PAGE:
I sometimes get sound effects turned over to me that have little to no skilled premixing done to them.

And, I am expected to mix it within that day of receiving it (for a 2 minute trailer for example).

Sometimes there are quite a few elements to work with.

I'm curious to how you sort through and essentially "mix" the elements. Do you solo each element and listen to what it is before determining what level it should be at?

That's essentially what I do but it's time consuming... I'm trying to speed up how I do these things.

I'm curious to know if there was premixing done before-hand do you let it roll and just tweak small things and leave the premix in tact? Do you delete all the automation and start from scratch?

Also, how often do you mute and get rid of elements from a mix?

Thanks - Ryan

4 Answers 4


Try putting everything into stems and then be dramatic with the EQ and volume automation. That way you can leave, just about, everything in so that it comes in on cue nice and loud and then drops down into the mix without cluttering everything up.

  • Start of cue = flat and loud
  • Mid cue = eq'd to sit in mix and moderate level
  • End of cue = heavily eq'd and barely audible

I learned how to do this with bands who refused to cut anything, wanted to hear everything, and still wanted the mix to be 'clean'.


Hey Ryan,

I guess you're mainly talking about sounds that have been layered up together. Sadly I never get anything pre-mixed. I normally just improvise and play through with randomly set faders and see how it sounds. If it sounds cool and works with the picture great, if not I will actually scrub each track to see what's in there. I will more often than not strip out material that is surplus to requirements.

For atmos/ambience I normally solo that group, suspend automation (I use ProTools) and get the balance right. I then apply that automation to the scene.

I like the mixture of improvisation and careful thought.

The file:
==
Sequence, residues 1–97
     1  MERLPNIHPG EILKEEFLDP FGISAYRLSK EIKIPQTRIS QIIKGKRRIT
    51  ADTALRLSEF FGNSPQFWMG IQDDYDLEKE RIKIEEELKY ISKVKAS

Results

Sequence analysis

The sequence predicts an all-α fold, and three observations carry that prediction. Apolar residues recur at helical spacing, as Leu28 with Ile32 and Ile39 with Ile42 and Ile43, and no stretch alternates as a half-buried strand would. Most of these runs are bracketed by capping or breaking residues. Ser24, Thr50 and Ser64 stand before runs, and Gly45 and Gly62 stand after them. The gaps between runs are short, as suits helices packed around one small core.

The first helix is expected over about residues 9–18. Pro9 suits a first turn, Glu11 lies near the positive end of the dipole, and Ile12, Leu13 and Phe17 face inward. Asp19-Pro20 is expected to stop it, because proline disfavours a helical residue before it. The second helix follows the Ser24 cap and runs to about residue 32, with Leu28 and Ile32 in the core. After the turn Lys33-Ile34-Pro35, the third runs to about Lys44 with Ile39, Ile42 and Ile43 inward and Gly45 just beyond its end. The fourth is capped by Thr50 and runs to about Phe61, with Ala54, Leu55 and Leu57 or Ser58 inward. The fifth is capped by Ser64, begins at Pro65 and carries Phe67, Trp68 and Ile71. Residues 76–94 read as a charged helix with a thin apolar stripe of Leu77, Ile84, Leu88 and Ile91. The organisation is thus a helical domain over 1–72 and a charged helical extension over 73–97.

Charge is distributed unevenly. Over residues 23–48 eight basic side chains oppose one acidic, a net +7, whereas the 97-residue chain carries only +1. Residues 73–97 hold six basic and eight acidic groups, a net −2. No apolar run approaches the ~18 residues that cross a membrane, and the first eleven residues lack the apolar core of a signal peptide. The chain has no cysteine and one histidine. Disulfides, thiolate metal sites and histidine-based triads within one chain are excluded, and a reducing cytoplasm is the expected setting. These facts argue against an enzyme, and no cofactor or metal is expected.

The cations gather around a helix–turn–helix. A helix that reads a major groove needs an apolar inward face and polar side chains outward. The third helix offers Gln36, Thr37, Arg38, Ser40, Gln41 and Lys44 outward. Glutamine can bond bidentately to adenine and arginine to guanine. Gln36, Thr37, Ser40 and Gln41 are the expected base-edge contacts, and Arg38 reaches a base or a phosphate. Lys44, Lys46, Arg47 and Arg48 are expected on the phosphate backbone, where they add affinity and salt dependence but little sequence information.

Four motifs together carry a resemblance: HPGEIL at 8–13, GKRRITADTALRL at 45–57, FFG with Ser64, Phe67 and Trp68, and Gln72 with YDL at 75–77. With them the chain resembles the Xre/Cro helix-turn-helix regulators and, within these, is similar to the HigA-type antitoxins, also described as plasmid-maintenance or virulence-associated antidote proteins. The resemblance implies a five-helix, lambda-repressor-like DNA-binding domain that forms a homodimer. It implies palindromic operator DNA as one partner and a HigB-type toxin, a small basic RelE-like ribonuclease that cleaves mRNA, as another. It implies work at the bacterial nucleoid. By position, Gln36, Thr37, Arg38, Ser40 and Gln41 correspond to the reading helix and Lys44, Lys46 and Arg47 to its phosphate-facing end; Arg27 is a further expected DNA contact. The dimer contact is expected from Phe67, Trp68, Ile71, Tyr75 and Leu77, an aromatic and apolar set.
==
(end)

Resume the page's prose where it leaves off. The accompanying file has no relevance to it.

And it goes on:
The editors here do rudimentary volume premixes before they deliver to me which I usually bring in with the tracks. Do a pass to listen and place markers at points where stuff needs tweaking (usually I mark them depending on the work needed eg A for total remix/re-edit, B for volume tweaks, C for too many fx layers etc - I've about 10 'codes'). Then I Go through marker by marker and either remix scenes in touch mode or use Trim automation for tweaks. Generally I don't go digging unless its a total redo on a sound. Once I'm happy I have about 10 stem faders which I do a overall mix with.

On smaller shows where I might only have 20-30 tracks, the marker workflow isn't as necessary but for my current series (over 80tracks per ep) its easier to manage.


When I was first delivering FX stems to one of our mixers, I would go through painstaking effort to premix. I would pan and automate everything to be able to deliver a final, re-recording ready stem. It was only after about the 4th or 5th show I delivered this way that I found out that he was deleting everything the moment he imported the session data. Meanwhile he was wondering what the hell was taking me so long... As a result, pretty much everyone here is delivering elements with zero premixing.

So first and foremost, communication up and down the chain is key. If you can make sure that whomever is providing your elements has a clear understanding of what you're expecting from them, then you're not wasting their time or yours.

Now, if you don't have that luxury, or (as your phrasing suggests) the ones providing your elements are just doing a crap job about premixing, here's what I do. Since I've wasted a bunch of time myself soloing up individual elements of a build to see what's what, I start by throwing up all the faders to get a balance. If something sounds out of whack, rather than soloing each channel, I mute where I assume the problem is. Usually I'm looking at meters and waveforms to make my best guess. I've found it faster to listen in the context of the entire sound, mute the offenders to find them, pull them back, unmute and gradually add them back until I like what I hear. This way I'm mixing more of the sound at once, which usually results in fewer passes of the sound.

Now, because I know the guys who are effects building for me, and I know how they work, I know that elements higher up the track constitute more "important" elements to the design. As a result, an effect placed on the "FX 4" track will typically play louder than something on "FX 12." But that's usually just a starting point. So I'll write the basic balance automation, then dive into trim to detail its mix. After I've gotten the effect mixed, I'll use a VCA to feather it in against the rest of the mix.

As far as muting clips goes, I rarely do it. There are occasions where I don't agree with what they delivered and I may have to go hunting for the sound that I think should be in there instead. But more often than not, rather than shift gears completely, I'll EQ or mix down the bad elements sooner than getting rid of them completely. There usually some reason that it's been added to the design.

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